Home / Markets / Stock Markets /  Inflows into stock funds plunge as second wave hits

Net inflows into equity mutual funds slumped in April as widening business and mobility restrictions dampened sentiment and prompted investors to hold on to cash.

Data released by the Association of Mutual Funds in India (Amfi) on Tuesday showed net inflows fell 75% to 1,783 crore in April from 7,376 crore in March. Before March, the equity segment saw net outflows for eight straight months. In April last year, equity schemes received net inflows of 6,108.3 crore as the market crash following the abrupt nationwide lockdown made valuations attractive for investors.

Most equity fund categories received net inflows in April, except multi-cap funds, dividend yield funds, value/contra funds and ELSS funds. Categories that received significant flows were mid-cap, large and mid-cap and large-cap.

Covid effect
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Covid effect

According to Himanshu Srivastava, associate director, manager research, Morningstar India, while redemptions in April were almost the same as in March, funds mobilized were lower, suggesting some investors would have preferred to wait for clarity as a vicious second covid wave sweeps across the country.

“Additionally, a few investors would have also held back investments in anticipation of a market correction, given the ongoing concerns. Volatility and intermittent corrections on concerns over the intense second wave of the pandemic and its possible impact on the economy provided investors with a good investment opportunity or entry points during the month," he said.

Domestic institutional investors (DIIs) have been steadily buying shares in March and April, while foreign institutional investors dumped Indian equities. DIIs, which include mutual funds, insurance firms, banks, financial institutions and pension funds, were net buyers of equities worth 11,088.62 crore in April and 5,204.42 crore in March.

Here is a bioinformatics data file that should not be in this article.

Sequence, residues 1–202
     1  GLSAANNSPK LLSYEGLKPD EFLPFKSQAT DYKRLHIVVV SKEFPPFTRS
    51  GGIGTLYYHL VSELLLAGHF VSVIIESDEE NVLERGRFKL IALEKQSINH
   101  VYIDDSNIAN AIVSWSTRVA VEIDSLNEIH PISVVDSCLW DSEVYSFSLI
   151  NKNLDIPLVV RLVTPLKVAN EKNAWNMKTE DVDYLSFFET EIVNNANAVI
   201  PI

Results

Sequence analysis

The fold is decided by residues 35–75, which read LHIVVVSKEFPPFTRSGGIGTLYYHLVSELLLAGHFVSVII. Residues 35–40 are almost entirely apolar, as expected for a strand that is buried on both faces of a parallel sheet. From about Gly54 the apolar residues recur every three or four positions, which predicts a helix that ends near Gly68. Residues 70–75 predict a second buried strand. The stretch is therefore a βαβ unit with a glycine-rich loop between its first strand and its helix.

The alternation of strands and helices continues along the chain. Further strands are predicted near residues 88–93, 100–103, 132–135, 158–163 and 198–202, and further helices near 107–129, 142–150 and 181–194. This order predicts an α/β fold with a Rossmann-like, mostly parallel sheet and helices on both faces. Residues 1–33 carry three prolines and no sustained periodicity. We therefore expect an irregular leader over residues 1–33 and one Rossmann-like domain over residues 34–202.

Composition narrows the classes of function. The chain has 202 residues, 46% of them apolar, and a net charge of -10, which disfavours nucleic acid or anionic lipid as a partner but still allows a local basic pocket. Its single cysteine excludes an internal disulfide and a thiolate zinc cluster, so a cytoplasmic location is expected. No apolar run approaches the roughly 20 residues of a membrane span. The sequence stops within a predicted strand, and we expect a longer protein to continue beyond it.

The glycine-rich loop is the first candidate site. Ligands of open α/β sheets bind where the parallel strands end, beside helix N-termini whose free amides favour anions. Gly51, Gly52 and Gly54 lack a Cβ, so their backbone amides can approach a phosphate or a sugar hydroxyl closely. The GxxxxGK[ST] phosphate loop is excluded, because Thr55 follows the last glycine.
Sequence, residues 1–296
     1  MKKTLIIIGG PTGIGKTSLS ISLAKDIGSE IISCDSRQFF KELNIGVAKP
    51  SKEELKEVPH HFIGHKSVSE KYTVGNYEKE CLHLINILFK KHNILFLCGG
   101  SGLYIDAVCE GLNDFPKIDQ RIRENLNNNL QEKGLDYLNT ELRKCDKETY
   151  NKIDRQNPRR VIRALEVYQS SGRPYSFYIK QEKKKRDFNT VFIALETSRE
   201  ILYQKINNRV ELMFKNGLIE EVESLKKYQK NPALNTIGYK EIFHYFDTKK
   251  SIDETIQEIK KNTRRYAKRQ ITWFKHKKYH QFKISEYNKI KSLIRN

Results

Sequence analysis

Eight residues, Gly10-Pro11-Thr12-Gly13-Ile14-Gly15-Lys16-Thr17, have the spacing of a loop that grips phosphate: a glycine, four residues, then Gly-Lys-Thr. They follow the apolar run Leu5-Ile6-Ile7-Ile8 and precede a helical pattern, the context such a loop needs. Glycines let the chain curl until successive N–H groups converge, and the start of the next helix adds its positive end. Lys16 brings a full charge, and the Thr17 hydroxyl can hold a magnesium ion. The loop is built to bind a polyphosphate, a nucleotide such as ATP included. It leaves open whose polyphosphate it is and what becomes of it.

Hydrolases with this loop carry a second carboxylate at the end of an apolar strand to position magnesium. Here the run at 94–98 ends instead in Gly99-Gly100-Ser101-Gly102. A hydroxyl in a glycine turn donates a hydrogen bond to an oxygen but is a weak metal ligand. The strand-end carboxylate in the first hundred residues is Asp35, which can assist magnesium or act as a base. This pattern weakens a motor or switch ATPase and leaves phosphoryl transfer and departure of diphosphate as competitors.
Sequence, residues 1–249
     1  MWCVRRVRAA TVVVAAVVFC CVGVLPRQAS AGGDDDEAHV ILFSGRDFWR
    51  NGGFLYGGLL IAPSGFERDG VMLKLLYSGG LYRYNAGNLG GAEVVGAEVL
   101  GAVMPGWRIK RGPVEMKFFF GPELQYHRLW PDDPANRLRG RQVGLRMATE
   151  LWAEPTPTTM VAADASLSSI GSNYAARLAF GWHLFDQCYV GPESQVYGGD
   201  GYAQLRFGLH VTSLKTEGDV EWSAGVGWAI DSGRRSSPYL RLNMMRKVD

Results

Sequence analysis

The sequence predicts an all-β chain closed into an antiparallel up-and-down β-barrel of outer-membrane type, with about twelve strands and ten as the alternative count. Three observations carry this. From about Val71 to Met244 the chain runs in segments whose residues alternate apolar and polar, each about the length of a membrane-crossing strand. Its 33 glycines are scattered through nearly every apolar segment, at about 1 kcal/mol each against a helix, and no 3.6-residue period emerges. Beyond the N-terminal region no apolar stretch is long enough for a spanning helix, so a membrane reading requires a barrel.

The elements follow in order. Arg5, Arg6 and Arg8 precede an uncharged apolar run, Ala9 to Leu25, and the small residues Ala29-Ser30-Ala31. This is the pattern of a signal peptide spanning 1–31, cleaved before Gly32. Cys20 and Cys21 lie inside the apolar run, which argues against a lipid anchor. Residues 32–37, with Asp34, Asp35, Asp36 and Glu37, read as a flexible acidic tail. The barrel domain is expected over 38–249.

D.P. Singh, chief business officer, SBI Mutual Fund, said lockdown-like curbs in cities that contribute largely to mutual fund inflows hit fresh fund deployment in the retail segment. “In a situation where there are restrictions on mobility amid a health crisis, mutual fund investments are not a priority. The flow is likely to stay muted as long as the curbs are not lifted and the situation is not normalized. With distributors getting impacted and infected due to covid, there is less activity on the ground to drive MF investments," he said.

The contribution of monthly systematic investment plans (SIP) declined marginally to 8,590.89 crore in April from 9,182.42 crore in March. N.S. Venkatesh, chief executive, Amfi, said there was a spillover of SIP money into March due to public holidays in February.

The start to FY22 has been quite positive with mutual fund industry average assets under management (AUMs) climbing to an all-time high at 32.42 trillion owing to overall positive flows in all open-ended categories," Venkatesh said.

Debt-oriented categories received a healthy net inflow of 1 trillion in April, following a net outflow of 52,528 crore in March. Liquid funds received significant inflows, indicating businesses would have chosen to park excess short-term money in these funds at the beginning of the new fiscal, Morningstar’s Srivastava said.

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